Lanes will be reduced starting on October 20. This will cause a slowdown in traffic, which will last approximately three weeks. In phase 1, we will break parts of the concrete medians in the area and repave parts of the street. Once we are confident the new configuration is successful, we will complete the project in phase 2, in which we will beautify the green spaces and add permanent barriers in spots. The entire project should be complete by mid December. During the construction period, please try to avoid the construction zone during the morning rush hour, if possible. You might even consider using the Westminster Ave. underpass to leave Côte Saint-Luc in the morning.
If you spot any problems during the construction period, please leave a message at 514-485-6800 ext. 1501 or use the feedback form at the Côte Saint-Luc website at

See the map below as well.


The condition of Cavendish Boulevard

I would like to share with readers of my blog the response our mayor gave to Ben Merson, a resident of the city since 1955 who wrote to complain about the road surface condition of Cavendish Blvd., between Mackle and Cavendish. Here is what Mayor Housefather said:

"I agree with your comments about the stretch of Cavendish between Mackle and Collins.  Unfortunately, as I have communicated in our newsletters and recently in a letter to residents of Cote Saint-Luc when I spoke of the agglomeration reforms, this stretch of road in not under the jurisdiction of Cote Saint-Luc as relates to reconstruction of the road.

"Since we were merged into Montreal in 2001 there has been a concept of arterial roads.  This continued after demerger.  During the years we were part of Montreal these roads were the responsibility of the central city and not the borough and since demerger they have been the responsibility of the regional level of government (the agglomeration) and not your local city.  CSL has 2 arterial roads (CSL Road and Cavendish).  Thus we are allowed to do some things on arterial roads, we are responsible for clearing snow, traffic conditions (we can install the synchronized lights for example) but we can not do construction on the road itself.  We advised Montreal many times that this stretch should be prioritized without success.

"As per the letter I sent to you, the Quebec legislature recently adopted Bill 22 which reformed the agglo.  These changes only come into force on January 1, 2009.  In addition to keeping EMS, having only one tax bill to CSL and other improvements, the arterial roads go back to the control of local cities.  As such, next year this road can be on our list to repair but we can not do so this year."

Repaving of Rembrandt Ave,

I am pleased to report that the repaving of the streets and sidewalks on Rembrandt Avenue is complete. Rembrandt is the home of five highriose condominiums, six townhouses and a busy park. Our studies showed that the street needed a facelift. Merrimac and Sir Walter Scott also need fixing and I hope they will be on the list of capital works projects before the end of this council's mandate.

Cavendish Extension

On October 30, 2006, the City of Côte Saint-Luc held a public information session at City Hall to inform residents on the status of the Cavendish Blvd. extension project and to encourage residents to contact their provincial representatives to ensure the Quebec government helps fund this important project. All of my life I have been hearing about this potential extension. The words from former mayor Bernard Lang still ring in my ears: "We don't need it, we don't want it, we can't afford it!" Yes, I have reservations. I do not want to see Cavendish become a highway. But the reality is this extension will occur one day, whether we like it or not. When the former Parti Quebecois government announced in 2000 that the extension would take place, it seemed to accept our city's wishes that there be an "indirect" route. They even set the wheels in motion to have a Project Bureau established. This group has been busy gathering data, studying traffic simulations and environmental issues and conducting technical feasibility of route options . It is more clear to me than ever before that we cannot cannot sit back and refuse to play a role. Otherwise we risk having something we do not want imposed upon us. The City of Saint Laurent always wanted this extension to happen. So has the City of Montreal. Saint Laurent is now a Montreal borough. Clearly, theif influence on this issue is greater than ever before. Some people asked me why we held a public information meeting. Why not? While there remain many unanswered questions, I am pleased with how this evening went. Mayor Anthony Housefather and Councillor Dida Berku provided an excellent overview. It was, in fact, a historic evening. Never before has Côte Saint-Luc ever held a public meeting on this subject, Never before have the mayor and all eight councillors come out in favor of the project. We now await word from the Project Bureau technical committee and its specific recommendations, which we will respond to accordingly.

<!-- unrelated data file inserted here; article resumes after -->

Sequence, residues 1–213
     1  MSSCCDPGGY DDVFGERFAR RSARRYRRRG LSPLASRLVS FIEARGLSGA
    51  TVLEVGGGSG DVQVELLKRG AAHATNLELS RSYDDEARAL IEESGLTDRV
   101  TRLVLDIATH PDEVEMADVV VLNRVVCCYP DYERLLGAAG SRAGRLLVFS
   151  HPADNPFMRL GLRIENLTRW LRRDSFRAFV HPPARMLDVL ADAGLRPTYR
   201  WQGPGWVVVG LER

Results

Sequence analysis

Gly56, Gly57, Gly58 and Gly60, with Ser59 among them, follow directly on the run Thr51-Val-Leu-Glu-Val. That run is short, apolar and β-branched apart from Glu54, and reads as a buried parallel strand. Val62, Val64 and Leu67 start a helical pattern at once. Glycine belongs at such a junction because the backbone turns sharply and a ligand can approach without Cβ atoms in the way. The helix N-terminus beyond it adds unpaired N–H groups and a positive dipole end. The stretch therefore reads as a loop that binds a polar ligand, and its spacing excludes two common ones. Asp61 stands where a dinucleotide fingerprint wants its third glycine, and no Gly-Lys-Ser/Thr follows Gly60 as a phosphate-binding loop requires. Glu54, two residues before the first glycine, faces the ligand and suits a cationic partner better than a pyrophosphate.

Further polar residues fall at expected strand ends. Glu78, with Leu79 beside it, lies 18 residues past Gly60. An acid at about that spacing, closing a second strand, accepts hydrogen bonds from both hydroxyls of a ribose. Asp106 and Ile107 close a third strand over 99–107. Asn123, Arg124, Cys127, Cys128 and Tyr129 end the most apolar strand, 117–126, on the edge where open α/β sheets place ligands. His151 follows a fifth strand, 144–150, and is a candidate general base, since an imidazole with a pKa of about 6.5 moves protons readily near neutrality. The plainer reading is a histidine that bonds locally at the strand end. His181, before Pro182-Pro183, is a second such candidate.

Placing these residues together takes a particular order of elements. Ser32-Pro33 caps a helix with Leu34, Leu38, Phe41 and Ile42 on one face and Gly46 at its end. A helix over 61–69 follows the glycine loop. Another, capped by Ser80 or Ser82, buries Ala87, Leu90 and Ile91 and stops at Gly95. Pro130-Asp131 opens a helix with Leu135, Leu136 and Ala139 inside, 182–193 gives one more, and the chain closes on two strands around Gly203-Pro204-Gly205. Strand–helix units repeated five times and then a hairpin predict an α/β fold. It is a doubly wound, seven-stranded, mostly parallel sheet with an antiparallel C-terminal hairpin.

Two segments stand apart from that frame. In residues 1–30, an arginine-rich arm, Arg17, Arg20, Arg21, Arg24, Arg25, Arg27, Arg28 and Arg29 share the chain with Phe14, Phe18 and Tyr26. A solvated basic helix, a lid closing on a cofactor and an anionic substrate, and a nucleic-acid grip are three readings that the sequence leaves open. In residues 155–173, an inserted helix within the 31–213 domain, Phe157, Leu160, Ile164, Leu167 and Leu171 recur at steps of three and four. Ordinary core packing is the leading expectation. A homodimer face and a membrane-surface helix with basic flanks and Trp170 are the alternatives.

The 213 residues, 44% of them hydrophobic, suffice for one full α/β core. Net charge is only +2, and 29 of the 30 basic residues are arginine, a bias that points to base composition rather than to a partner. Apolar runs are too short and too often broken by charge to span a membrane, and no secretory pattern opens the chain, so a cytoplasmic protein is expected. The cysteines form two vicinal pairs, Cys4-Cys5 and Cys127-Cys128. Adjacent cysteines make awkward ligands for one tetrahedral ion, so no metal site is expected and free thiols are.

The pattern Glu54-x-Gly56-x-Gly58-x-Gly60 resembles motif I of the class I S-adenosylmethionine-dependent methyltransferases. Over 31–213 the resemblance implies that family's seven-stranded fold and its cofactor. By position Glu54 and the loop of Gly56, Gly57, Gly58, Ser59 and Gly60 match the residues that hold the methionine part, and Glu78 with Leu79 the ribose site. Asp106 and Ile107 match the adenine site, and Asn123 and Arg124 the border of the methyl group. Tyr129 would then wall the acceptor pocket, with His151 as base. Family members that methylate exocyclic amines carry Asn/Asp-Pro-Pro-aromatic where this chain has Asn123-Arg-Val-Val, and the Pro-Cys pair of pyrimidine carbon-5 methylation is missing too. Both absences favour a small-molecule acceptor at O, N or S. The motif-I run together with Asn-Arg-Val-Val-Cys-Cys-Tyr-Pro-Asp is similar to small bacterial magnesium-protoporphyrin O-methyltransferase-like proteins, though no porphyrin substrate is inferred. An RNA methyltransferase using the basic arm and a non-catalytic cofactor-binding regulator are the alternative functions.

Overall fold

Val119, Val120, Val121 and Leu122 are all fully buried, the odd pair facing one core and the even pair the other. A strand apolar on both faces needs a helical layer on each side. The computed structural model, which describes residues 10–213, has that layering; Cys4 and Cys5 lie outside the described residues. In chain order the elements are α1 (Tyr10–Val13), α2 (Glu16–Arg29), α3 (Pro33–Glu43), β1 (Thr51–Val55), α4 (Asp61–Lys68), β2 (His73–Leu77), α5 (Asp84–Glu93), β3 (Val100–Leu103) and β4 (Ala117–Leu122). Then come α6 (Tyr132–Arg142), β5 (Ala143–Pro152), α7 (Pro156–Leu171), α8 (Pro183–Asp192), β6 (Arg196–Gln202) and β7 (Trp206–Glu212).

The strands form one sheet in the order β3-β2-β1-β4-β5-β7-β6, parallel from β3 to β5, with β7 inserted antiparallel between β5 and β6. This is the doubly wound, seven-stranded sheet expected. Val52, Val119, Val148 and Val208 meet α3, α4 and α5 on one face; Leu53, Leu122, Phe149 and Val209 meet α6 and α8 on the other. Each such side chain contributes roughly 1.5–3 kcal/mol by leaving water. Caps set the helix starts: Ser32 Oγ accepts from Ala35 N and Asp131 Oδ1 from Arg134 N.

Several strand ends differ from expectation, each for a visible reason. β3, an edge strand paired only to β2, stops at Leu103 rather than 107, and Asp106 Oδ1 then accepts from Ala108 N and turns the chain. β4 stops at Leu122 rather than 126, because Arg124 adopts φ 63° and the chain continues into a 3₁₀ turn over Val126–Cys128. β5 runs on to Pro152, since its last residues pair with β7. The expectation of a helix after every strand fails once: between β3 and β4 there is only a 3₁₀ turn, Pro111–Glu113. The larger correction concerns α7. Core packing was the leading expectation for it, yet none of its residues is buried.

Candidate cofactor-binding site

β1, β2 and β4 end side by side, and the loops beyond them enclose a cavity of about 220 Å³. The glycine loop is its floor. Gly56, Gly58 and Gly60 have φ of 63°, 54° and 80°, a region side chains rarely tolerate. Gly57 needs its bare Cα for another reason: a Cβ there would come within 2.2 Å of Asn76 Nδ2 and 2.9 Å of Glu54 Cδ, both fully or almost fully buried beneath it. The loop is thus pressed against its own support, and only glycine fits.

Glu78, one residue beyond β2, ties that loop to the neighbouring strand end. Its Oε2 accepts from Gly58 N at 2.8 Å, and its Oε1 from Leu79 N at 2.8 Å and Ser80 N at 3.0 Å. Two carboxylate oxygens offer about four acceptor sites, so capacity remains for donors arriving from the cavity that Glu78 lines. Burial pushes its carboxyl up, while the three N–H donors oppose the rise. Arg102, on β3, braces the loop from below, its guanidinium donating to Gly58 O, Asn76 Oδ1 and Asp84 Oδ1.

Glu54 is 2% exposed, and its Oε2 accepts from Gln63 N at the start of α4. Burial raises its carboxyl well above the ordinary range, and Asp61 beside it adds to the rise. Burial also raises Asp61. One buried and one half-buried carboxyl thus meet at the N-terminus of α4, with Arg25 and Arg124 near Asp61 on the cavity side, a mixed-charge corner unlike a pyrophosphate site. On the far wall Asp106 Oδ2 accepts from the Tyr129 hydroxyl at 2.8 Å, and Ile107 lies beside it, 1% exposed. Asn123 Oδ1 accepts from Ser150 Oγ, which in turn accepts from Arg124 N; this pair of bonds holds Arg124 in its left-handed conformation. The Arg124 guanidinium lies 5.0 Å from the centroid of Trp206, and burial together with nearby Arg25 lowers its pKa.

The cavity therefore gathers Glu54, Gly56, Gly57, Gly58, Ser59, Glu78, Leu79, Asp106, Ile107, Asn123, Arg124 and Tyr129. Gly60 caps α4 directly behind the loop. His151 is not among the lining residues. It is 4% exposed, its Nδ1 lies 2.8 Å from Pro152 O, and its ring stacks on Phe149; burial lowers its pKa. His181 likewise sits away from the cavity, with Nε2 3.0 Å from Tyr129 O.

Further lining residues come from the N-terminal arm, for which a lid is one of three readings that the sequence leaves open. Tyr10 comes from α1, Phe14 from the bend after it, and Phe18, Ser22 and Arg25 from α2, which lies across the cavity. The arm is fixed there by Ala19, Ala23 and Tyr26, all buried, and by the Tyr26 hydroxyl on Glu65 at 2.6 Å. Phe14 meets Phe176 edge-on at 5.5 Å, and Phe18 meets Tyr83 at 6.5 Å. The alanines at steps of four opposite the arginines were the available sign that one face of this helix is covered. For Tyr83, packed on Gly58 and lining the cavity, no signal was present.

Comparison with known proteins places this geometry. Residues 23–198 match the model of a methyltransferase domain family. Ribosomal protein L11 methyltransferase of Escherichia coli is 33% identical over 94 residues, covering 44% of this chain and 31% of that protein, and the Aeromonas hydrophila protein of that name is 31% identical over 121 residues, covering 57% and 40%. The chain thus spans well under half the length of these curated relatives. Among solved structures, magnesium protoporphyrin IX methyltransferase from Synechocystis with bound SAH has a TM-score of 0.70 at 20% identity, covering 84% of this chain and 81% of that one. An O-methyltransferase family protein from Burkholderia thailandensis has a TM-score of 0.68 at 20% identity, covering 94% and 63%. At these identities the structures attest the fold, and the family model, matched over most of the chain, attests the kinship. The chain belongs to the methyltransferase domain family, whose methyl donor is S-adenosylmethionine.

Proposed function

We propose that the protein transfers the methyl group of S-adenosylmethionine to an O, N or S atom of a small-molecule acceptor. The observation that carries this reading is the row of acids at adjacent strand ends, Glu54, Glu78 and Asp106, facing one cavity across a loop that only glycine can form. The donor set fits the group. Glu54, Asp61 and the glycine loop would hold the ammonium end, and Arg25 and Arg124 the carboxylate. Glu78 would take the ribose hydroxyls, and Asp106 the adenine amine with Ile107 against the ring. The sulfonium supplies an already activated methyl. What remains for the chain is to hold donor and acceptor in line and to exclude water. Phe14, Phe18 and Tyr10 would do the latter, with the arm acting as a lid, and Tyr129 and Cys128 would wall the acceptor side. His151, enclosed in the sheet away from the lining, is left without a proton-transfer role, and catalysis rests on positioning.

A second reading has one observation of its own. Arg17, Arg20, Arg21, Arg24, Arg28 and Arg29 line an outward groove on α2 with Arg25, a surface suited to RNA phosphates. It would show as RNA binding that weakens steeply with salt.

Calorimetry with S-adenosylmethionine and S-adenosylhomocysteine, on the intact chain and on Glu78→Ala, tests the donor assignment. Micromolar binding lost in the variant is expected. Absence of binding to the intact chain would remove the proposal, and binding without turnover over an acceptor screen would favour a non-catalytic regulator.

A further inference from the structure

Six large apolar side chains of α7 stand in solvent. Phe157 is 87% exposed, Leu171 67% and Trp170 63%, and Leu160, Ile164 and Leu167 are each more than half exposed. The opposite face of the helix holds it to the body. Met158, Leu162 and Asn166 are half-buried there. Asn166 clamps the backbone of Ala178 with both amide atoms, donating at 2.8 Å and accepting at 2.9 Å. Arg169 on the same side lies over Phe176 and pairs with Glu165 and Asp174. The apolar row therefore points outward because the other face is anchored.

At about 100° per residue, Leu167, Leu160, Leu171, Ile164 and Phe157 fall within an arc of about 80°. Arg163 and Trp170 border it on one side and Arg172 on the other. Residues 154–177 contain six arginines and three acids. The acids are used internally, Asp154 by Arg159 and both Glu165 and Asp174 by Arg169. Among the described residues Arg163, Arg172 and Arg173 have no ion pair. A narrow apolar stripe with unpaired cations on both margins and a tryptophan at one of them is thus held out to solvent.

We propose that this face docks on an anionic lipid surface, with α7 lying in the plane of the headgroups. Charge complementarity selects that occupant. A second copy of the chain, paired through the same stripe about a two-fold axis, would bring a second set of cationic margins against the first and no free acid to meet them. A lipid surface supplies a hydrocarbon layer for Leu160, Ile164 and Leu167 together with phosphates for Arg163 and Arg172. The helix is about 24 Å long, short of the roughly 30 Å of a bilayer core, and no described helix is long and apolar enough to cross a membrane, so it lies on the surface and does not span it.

What is the Cavendish extension?
The Cavendish Blvd. extension project is a road construction project. The exact configuration of route is still be determined. The project aims to:
Create north-south link from Côte Saint-Luc to Borough of Saint-Laurent
Create east-west link to Décarie Blv

District 2 Needs

Since my election on November 6, 2005 as the city councillor for Côte Saint-Luc District 2, I have spent considerable time consulting with residents. For the first time in the city’s history, a formal District 2 Advisory Council was established. A number of meetings have been held thus far, with a cross-section of individuals from the district on hand at each session. Other city councillors now intend to follow my lead and establish their own such bodies. District 2 encompasses Merrimac, Rembrandt, Kildare (between Rembrandt and Marc Chagall), Sir Walter Scott, Ilan Ramon, Marc Chagall, Mackle (between Cavendish and Brandeis), Cavendish Mall, Cavendish (Manoir Montefiore, Manoir Camelia, L’Excelsior) and Honoré-de-Balzac. As a longtime resident of District 2, I meet with residents regularly during my walkabouts. During the summer months I did an extensive examination of some of District 2’s needs. Part of this process included a tour with David Tordjman, the city’s director of public works and urban planning. This was a very valuable exercise as we examined different needs while identifying some potential short and longterm objectives.